The New European, launched as a “pop-up paper” for Remain voters, is to continue beyond its initial four-week run after exceeding sales targets and turning a profit, according to publisher Archant.
The group today confirmed the fourth issue of the weekly title would not be its last and said the paper would “continue to publish on a rolling basis” as long as readers wanted to buy it.
- November 22, 2016
- November 2, 2016
- October 27, 2016
The new title’s retail distribution is focused on areas shown to have voted for the UK to remain in the European Union at the referendum on 23 June, which resulted in a victory for the Leave campaign.
Aimed at the 48 per cent of Remainers, it claimed ahead of its launch on 8 July to offer a focal point for “those feeling dismayed and disenfranchised by Brexit”.
It has so far attracted contributions from high-profile figures including former Number 10 spin doctor Alastair Campbell, author Howard Jacobson and Guardian columnist Jonathan Freedland.
Matt Kelly, Archant’s chief content officer and launch editor of The New European, said: “We’re thrilled at the reaction and support we’ve seen for this most unorthodox newspaper launch.
“We will continue to publish into the zeitgeist until that moment passes.”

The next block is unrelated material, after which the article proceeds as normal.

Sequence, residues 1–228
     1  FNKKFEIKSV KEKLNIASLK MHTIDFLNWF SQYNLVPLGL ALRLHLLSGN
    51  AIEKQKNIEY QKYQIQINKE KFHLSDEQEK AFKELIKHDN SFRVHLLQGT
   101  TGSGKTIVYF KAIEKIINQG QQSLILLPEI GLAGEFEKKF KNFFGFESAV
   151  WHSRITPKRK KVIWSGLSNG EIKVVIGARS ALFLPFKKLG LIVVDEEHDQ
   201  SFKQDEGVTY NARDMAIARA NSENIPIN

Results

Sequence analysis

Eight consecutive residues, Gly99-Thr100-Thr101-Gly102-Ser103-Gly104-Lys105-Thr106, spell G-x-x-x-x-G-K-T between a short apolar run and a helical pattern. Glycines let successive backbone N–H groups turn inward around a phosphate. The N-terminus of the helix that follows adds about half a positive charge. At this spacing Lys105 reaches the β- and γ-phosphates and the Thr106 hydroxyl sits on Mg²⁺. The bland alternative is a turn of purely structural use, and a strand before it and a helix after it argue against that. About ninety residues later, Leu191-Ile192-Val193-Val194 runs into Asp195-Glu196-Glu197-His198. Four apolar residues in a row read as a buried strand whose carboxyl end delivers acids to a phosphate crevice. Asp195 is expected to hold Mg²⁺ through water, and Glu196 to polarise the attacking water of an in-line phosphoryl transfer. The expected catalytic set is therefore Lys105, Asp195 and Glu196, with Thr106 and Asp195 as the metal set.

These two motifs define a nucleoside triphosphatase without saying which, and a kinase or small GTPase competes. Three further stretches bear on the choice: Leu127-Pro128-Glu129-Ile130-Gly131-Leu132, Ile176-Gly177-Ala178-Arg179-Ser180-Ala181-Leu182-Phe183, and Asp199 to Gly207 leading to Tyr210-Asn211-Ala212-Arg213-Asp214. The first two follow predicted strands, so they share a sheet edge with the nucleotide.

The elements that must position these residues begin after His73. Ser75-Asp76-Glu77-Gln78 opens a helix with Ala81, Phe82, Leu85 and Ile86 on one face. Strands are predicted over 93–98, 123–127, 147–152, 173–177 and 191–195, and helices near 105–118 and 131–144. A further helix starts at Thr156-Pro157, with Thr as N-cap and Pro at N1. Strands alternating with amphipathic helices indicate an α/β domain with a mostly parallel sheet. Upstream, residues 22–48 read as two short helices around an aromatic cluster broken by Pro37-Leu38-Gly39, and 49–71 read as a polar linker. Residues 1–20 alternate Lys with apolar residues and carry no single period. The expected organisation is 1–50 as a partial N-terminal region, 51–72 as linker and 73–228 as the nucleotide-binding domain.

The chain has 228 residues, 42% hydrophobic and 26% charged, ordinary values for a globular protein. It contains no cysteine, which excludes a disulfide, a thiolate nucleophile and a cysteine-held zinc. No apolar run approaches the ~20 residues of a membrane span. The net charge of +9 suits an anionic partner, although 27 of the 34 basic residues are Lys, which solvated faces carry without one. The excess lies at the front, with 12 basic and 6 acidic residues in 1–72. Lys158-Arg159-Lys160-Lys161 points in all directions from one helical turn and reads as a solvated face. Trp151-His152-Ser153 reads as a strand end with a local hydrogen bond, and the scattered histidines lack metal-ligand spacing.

The New European has a cover price of £2, in line with national Sunday newspaper titles.
A spokesperson for regional publisher Archant was unable to provide Press Gazette with distribution or sales figures.
However the company has said its “focus remains primarily on its local newspapers”, which include flagship daily title the Eastern Daily Press in Norwich.
It added: “Pop-up publishing experiments like The New European demonstrate its commitment to becoming the most progressive community media business in the UK.”
Will Hattam, Archant’s chief marketing officer, said: “Pop-up publishing is something that only Archant could have delivered.
“We have the scale to produce a quality print product for a national audience, but also the agility to turn things around fast and cost-effectively enough to profitably service a community that’s popped into existence overnight.
“We’ll only produce the paper for as long as our readers still want it.”
Shortlived national title The New Day published 50 issues over two months before closing.